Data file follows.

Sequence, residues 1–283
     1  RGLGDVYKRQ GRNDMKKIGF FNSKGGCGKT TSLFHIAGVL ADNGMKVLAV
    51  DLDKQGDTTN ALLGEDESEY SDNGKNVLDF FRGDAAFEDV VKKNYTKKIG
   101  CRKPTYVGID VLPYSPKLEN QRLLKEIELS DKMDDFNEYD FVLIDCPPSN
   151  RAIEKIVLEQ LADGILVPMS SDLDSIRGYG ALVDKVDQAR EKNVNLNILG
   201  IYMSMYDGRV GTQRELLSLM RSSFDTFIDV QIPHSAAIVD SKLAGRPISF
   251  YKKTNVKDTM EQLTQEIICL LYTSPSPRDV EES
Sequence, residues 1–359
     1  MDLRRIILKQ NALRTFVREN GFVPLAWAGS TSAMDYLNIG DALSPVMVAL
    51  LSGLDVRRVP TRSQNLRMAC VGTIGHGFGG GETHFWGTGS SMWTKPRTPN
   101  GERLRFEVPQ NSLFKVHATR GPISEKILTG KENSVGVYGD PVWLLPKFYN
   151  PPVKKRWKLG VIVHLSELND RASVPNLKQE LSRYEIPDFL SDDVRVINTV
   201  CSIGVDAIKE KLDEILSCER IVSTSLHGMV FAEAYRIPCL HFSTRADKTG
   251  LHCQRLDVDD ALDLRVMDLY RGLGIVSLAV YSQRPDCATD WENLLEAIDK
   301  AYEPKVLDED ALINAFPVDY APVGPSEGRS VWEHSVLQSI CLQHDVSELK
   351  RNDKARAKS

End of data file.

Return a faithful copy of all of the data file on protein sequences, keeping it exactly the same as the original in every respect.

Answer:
Sequence, residues 1–283
     1  RGLGDVYKRQ GRNDMKKIGF FNSKGGCGKT TSLFHIAGVL ADNGMKVLAV
    51  DLDKQGDTTN ALLGEDESEY SDNGKNVLDF FRGDAAFEDV VKKNYTKKIG
   101  CRKPTYVGID VLPYSPKLEN QRLLKEIELS DKMDDFNEYD FVLIDCPPSN
   151  RAIEKIVLEQ LADGILVPMS SDLDSIRGYG ALVDKVDQAR EKNVNLNILG
   201  IYMSMYDGRV GTQRELLSLM RSSFDTFIDV QIPHSAAIVD SKLAGRPISF
   251  YKKTNVKDTM EQLTQEIICL LYTSPSPRDV EES
Sequence, residues 1–359
     1  MDLRRIILKQ NALRTFVREN GFVPLAWAGS TSAMDYLNIG DALSPVMVAL
    51  LSGLDVRRVP TRSQNLRMAC VGTIGHGFGG GETHFWGTGS SMWTKPRTPN
   101  GERLRFEVPQ NSLFKVHATR GPISEKILTG KENSVGVYGD PVWLLPKFYN
   151  PPVKKRWKLG VIVHLSELND RASVPNLKQE LSRYEIPDFL SDDVRVINTV
   201  CSIGVDAIKE KLDEILSCER IVSTSLHGMV FAEAYRIPCL HFSTRADKTG
   251  LHCQRLDVDD ALDLRVMDLY RGLGIVSLAV YSQRPDCATD WENLLEAIDK
   301  AYEPKVLDED ALINAFPVDY APVGPSEGRS VWEHSVLQSI CLQHDVSELK
   351  RNDKARAKS